Yasser Arafat apparently has assented to rebel demands for sharp restrictions on his powers as chairman of the Palestine Liberation Organization, according to reports today from Tunis and Damascus.
The concessions, in exchange for saving his position, surfaced as a six-member mediation delegation of the PLO Executive Committee met with Syrian officials in an effort to quell the two-month old rebellion within Fatah, the PLO's largest faction and previously Arafat's main base of support.
According to the reports, Arafat has agreed to share leadership of the organization pending a congress of all members. That is a rebel demand that Arafat loyalists had said he would never accept.
The PLO chairman has also agreed to renounce formally President Reagan's Middle East peace initiative and thereby extinguish any flickering hope that Arafat would give Jordan's King Hussein the mandate he says he needs to negotiate on behalf of Palestinians.
The Associated Press quoted an unidentified PLO official in Tunis as saying the mediation committee had proposed "an immediate and firm cease-fire in the Bekaa Valley and a withdrawal of Fatah forces loyal to Arafat from the area" to disengage them from the rebels.
Arafat's acquiescence to the rebels would appear to move the PLO away from his more moderate position and toward the rebels' hard-line stance, adding to the complexity of Secretary of State George P. Shultz's quest for the withdrawal of PLO, Syrian and Israeli forces from Lebanon.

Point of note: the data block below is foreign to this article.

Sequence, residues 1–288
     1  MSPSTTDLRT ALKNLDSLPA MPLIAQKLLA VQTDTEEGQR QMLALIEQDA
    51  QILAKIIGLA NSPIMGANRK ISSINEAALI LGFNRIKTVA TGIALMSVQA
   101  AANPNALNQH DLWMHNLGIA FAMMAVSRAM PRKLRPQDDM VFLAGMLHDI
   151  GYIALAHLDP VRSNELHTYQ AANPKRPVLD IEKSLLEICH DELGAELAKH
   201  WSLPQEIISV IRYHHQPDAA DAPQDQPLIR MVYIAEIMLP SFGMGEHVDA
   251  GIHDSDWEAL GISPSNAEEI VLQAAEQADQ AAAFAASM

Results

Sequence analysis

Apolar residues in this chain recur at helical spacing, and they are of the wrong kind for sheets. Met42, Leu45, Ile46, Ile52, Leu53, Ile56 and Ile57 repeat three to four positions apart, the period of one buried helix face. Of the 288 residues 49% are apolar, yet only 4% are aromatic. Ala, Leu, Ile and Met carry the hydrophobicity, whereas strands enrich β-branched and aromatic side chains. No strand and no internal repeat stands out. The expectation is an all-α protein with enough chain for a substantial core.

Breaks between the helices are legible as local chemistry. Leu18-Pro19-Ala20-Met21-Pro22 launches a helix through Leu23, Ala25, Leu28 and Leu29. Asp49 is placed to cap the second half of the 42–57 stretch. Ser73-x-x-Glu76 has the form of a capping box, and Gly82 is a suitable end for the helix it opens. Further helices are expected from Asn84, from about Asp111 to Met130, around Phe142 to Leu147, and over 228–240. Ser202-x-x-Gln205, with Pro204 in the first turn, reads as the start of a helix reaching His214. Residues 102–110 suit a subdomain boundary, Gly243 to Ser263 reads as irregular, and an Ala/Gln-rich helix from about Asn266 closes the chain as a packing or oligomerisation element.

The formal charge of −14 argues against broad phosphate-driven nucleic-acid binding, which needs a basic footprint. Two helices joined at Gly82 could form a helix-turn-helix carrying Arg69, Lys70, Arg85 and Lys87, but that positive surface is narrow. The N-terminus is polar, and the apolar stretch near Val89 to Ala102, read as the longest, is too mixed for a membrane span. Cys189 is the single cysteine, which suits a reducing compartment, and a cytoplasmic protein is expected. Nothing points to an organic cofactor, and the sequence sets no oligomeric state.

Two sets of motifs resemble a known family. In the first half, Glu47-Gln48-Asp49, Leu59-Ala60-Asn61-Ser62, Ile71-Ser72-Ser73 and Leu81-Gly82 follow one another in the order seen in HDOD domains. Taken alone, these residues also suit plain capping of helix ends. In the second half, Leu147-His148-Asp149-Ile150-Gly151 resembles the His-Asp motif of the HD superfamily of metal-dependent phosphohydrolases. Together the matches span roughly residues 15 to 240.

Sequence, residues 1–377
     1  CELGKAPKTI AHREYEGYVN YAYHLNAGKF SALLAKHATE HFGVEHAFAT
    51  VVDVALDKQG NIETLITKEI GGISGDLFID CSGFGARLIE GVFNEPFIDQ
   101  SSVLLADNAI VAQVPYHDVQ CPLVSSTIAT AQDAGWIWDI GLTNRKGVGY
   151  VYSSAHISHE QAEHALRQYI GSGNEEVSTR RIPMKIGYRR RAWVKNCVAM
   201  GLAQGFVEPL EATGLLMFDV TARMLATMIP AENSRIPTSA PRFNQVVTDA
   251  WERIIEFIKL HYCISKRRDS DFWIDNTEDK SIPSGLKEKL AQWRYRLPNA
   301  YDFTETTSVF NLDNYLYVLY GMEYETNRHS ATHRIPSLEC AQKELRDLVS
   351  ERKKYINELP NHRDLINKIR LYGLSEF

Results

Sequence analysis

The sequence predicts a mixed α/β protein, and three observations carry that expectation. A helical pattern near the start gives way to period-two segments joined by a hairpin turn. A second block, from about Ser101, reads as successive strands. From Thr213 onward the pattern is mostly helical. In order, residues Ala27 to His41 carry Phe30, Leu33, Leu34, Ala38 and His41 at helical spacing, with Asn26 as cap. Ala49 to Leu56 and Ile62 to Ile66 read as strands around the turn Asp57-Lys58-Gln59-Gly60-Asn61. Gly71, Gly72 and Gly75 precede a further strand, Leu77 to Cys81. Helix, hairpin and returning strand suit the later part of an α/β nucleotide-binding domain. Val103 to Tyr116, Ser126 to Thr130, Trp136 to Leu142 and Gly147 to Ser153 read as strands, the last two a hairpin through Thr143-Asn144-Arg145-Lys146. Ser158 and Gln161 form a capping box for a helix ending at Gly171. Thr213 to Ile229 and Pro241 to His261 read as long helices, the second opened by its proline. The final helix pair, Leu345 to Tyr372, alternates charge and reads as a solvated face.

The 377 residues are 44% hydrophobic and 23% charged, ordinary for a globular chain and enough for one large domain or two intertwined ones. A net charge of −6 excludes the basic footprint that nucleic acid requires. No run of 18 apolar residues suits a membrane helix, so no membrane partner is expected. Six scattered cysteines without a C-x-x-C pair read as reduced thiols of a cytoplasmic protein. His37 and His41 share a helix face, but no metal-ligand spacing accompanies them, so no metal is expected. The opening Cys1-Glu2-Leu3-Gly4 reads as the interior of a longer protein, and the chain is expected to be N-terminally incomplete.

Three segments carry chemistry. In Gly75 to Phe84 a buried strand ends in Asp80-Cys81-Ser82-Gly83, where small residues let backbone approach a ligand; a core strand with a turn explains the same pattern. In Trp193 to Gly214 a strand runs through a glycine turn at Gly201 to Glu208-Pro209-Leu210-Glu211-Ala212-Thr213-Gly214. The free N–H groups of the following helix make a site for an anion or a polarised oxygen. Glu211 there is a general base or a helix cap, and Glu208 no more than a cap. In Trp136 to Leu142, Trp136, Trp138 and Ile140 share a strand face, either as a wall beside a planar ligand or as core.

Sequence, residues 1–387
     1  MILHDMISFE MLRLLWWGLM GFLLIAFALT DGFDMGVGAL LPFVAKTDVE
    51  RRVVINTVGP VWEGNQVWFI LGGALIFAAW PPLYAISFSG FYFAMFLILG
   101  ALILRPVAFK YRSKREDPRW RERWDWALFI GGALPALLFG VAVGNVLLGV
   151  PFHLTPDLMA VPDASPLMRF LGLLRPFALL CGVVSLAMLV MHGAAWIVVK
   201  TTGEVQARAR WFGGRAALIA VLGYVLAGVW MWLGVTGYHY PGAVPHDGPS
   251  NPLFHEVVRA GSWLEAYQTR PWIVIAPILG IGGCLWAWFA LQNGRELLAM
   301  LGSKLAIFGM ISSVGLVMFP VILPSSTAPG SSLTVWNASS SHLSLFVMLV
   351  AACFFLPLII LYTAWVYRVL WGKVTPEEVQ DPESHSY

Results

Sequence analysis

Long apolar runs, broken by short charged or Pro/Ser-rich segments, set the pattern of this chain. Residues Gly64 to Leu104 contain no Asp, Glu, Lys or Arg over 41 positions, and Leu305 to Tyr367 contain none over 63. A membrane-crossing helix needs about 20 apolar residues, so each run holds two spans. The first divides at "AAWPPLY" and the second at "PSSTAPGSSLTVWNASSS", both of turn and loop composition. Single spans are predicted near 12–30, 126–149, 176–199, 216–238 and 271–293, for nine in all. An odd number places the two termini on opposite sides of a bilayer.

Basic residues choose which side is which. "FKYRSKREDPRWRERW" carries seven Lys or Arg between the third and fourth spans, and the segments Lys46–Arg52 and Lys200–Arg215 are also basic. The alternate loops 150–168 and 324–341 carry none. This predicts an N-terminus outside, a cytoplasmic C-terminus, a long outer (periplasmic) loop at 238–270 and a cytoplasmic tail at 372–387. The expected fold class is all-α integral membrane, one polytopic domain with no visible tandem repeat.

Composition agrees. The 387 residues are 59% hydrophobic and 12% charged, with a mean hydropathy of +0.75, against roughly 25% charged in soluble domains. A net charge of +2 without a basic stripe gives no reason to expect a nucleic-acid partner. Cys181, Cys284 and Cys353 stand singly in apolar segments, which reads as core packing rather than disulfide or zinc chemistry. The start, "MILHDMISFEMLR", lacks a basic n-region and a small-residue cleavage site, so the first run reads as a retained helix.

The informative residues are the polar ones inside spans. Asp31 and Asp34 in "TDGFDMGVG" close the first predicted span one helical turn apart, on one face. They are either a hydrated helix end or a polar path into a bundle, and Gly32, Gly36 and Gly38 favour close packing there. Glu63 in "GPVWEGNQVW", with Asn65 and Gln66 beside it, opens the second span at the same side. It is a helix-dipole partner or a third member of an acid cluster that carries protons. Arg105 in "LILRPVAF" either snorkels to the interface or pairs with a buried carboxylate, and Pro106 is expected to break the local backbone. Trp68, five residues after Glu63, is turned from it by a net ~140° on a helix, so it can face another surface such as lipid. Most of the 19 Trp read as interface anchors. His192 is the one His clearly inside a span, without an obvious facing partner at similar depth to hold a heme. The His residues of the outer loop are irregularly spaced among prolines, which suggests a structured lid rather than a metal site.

Col. Said Musa, the rebel leader also known as Abu Musa, said in an interview published in The Guardian newspaper in London today that the rebels are committed to a policy of "no reconciliation, no recognition and no negotiation" with Israel.
"We know that Arafat wants to leave Lebanon," Abu Musa said, suggesting that the PLO chairman is prepared to agree to dispersing fighters in Arab countries as he did last summer in the evacuation of Beirut.
"There can be no armed struggle from Algeria or Yemen," Abu Musa said. "If Arafat continued to send out fighters, from where could we say 'no ' to him? No one would listen to us."
Speaking at his headquarters in the Bekaa Valley, Abu Musa said he does not believe in a Palestinian state on the West Bank, except as a halfway stage to a united Palestine.
Asked if he envisaged expelling Jews from an eventual Palestinian state, he said: "No, why should we? Not the Jews who were present in Palestine, but those who emigrated to Palestine with the rise of Israel are not Palestinians. . . . They must go back to the countries they came from. They are nationals of Europe--of France, of Britain."
Abu Musa said he is opposed to Arafat's policies of the last 10 years.
"Arafat is absolutely individualist," he said. "Often, on fundamental issues, he does not even consult members of the PLO Executive Committee."
Rebels and loyalists agreed to the third cease-fire in four days of on-again, off-again fighting in the Bekaa Valley, where PLO guerrillas behind Syrian front lines are separated from Israeli forces. The two previous cease-fires came as a result of heavy pressure from Palestinian refugees and Lebanese civilians who objected to having their homes turned into battlefields.
The six-man PLO team in Damascus did not appear to have as much success, however, in ending the rift between Arafat and Syrian authorities, who deported him last month after he said publicly that rebels were being aided by Syrian tanks and soldiers.
A close aide to Arafat said in Tunis yesterday that word had been passed that Arafat would be allowed to return to Syria only after he publicly recanted his accusations, and after the demands of the dissidents are put into effect.